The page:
8. Over-subscription is bad. Over-subscription (having more threads than cores) inherently creates thread switching. This is okay if the threads are waiting on non-computational signals (eg. IO or network), but otherwise it's unnecessary. Some people think it's elegant to make a thread per operation type, eg. a ray cast thread, a collision thread, a particle thread, etc. but in reality all that does is create thread switch costs that you don't need to have.

In video games, you basically don't want the time-slicing aspect of threads to ever happen (in the absense of other apps). You want a thread to run until it has to wait for something. Over-subscribing will just cause time-slice thread switching that you don't need. You don't want your render thread and your physics thread to time-slice and swap back and forth on one core. If they need to share a core, you want all your physics work to run, then all your render work to run, sequentially.

9. Generally a thread per task is bad. Prefer a thread per core. Make a task system that can run on any thread. You can then manually sequence tasks on the cores by assigning them to threads. So in the example above instead have a physics task and a render task, which might be assigned to different cores, or might be assigned to one thread on one core and run sequentially.


Ash said...

Interesting read Charles. Thanks for sharing. Are you aware of any books / series of articles that shed more light on such practical (as opposed to academical which I already have) knowledge of threading?


cbloom said...

Not that I know of. There are some good talks by the Killzone guys and maybe some by Insomniac guys, though that's mostly about PS3 SPU task stuff, it's still relevant because the ideal way to thread CPU's for games is a lot like how you run SPU's.

Anonymous said...

I am not aware of any alternative to calling Sleep() for an audio thread that feeds audio data out to the audio API. At least not if the API doesn't have some way to signal or interrupt you. So I wouldn't say never, but yes, it's very close to never. (Iggy has three sleeps, all involving the audio thread, and two of them shouldn't be in there and I need to set up some sort of signal to avoid it.)

Your point #7 got cut off in the middle.

gerhans said...

Thanks for the post Charles. Would you be willing to expound on strategies for avoiding Sleep() under Windows?

cbloom said...

"I am not aware of any alternative to calling Sleep() for an audio thread that feeds audio data out to the audio API."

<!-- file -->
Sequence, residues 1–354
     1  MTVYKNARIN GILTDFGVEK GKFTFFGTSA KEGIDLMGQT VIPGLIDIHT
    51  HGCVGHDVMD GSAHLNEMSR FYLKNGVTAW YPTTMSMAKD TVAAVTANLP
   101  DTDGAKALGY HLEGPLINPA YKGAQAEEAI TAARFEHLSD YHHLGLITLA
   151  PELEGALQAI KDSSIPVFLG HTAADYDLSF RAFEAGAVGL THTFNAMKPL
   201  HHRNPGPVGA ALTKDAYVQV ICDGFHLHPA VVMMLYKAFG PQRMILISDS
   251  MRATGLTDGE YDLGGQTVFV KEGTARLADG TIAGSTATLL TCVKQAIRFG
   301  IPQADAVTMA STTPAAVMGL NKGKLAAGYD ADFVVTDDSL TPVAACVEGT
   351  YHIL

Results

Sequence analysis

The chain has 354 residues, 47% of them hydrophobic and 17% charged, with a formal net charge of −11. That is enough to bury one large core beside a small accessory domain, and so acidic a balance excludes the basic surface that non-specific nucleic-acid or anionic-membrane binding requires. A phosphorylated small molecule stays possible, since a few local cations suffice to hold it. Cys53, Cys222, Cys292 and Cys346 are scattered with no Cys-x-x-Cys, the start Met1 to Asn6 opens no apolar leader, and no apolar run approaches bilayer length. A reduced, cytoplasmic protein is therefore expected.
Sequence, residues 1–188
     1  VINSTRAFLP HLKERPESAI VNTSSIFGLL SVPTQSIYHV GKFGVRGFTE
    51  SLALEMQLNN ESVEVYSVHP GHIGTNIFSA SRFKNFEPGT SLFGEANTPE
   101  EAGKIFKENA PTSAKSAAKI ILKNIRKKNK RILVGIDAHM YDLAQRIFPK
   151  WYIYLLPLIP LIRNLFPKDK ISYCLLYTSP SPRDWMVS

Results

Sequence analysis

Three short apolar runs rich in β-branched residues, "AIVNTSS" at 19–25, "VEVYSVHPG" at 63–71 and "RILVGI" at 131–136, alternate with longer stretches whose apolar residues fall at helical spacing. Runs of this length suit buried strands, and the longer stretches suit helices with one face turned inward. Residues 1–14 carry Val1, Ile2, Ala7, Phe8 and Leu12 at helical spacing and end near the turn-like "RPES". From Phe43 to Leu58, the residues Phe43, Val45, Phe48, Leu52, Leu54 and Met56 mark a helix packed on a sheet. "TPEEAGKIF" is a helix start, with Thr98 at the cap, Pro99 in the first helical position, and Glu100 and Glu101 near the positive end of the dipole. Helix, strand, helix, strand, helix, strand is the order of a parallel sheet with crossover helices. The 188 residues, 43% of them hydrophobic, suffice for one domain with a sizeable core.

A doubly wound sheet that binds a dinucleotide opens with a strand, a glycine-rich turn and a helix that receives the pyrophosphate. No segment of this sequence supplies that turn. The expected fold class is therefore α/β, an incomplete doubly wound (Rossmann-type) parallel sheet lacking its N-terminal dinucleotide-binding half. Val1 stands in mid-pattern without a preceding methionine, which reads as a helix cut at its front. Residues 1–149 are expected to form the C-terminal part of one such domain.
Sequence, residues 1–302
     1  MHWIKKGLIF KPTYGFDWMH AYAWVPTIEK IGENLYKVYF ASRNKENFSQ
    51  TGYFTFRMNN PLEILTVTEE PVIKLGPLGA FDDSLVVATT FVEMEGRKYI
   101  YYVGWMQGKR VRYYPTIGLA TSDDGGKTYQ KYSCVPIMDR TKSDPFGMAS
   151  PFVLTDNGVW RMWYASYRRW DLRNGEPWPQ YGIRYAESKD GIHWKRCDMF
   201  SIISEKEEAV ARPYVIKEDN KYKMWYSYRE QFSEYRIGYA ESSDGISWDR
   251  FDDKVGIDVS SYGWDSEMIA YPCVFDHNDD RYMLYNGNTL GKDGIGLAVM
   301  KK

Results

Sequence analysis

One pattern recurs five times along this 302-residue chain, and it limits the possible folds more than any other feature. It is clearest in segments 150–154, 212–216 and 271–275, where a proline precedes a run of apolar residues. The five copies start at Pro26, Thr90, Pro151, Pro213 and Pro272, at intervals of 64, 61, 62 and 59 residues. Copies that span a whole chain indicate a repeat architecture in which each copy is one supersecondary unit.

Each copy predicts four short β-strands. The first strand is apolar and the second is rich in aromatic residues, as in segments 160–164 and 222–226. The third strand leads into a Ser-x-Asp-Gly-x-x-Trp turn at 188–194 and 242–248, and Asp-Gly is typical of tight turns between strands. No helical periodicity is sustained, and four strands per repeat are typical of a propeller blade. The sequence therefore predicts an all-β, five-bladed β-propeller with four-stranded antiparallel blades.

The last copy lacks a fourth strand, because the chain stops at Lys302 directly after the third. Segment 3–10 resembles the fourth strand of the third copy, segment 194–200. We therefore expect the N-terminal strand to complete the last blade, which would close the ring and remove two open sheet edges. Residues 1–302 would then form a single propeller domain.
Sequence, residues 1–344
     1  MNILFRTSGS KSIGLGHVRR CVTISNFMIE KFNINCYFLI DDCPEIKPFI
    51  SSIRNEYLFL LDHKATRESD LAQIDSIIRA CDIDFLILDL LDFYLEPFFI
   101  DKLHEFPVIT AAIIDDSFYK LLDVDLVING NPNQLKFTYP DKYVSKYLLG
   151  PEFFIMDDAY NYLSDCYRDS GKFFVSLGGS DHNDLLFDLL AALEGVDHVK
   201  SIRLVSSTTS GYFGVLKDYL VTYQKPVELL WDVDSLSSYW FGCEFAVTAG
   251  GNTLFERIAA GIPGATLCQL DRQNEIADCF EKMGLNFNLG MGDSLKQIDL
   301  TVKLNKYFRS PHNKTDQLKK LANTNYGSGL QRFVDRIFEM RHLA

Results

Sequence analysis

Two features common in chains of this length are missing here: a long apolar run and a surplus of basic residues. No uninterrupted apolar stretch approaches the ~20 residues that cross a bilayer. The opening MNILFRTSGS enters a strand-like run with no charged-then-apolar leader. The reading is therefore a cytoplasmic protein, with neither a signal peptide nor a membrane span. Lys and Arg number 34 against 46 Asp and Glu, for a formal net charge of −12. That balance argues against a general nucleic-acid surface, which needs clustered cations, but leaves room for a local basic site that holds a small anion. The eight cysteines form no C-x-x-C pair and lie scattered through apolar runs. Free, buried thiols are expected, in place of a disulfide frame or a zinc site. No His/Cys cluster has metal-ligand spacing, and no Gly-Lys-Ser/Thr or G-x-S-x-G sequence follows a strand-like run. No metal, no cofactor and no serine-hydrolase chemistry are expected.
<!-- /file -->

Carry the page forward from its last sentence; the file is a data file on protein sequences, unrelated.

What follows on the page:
Yeah that is a special case. I'm not sure how the really good low-latency audio apps are written. I think some of them actually implement a DPC device for doing audio processing, that way you actually get called by the system like an interrupt when it nees some buffer.

One idea : make one thread that's devoted to filling audio buffers. Make it super high priority and put on a waitable timer so it pumps at the required interval to fill buffers. Of course a waitable timer is equivalent to a Sleep, but it's more reliable because it gives you a signal on a steady interval. The main thing is to make that thread super-high priority, that way the timer (or sleep) durations actually are what you think they are, and make it do nothing but fill the buffer. It can use a semaphore or some other mechanism to notify other threads when it needs them to give it more audio data.

So the idea is that the one thread that talks to a non-computational resource (the audio hardware) has to use periodic polling, but then it translates its "need buffer" condition into a signallable event that other threads can wait on. So the sleeping part of the system is isolated and has no risk of cascading.

cbloom said...

"Thanks for the post Charles. Would you be willing to expound on strategies for avoiding Sleep() under Windows?"

Win32 is actually a great API for avoiding sleep.

Maybe I'll do a longer example and make it a post.

ryg said...

"Yeah that is a special case. I'm not sure how the really good low-latency audio apps are written."
The really low-latency stuff uses either ASIO or the Kernel Streaming interface (direct pipe into the low-level audio mixer right in front of the driver).

Not sure about KS, but ASIO can actually give you callbacks directly from the interrupt DPC (Regular ASIO is exclusive for that reason). And then there's ASIO4ALL that implement ASIO on top of KS.

cbloom said...

I once spent some time trying to figure out how to get the digital bits of an audio file played directly out of my digital audio out port without Windows fucking anything up with volume multipliers or whatever nonsense. It can be done with foobar2000 and Kernel Streaming, but it's a pain in the ass so I gave up. Maybe I'll try to revive that some day because that's how I want my music to play.

Anonymous said...

ASIO is pretty nice for musicians, because it locks the record and playback buffers to each other in a really nice way for making them lockstep and minimizing latency.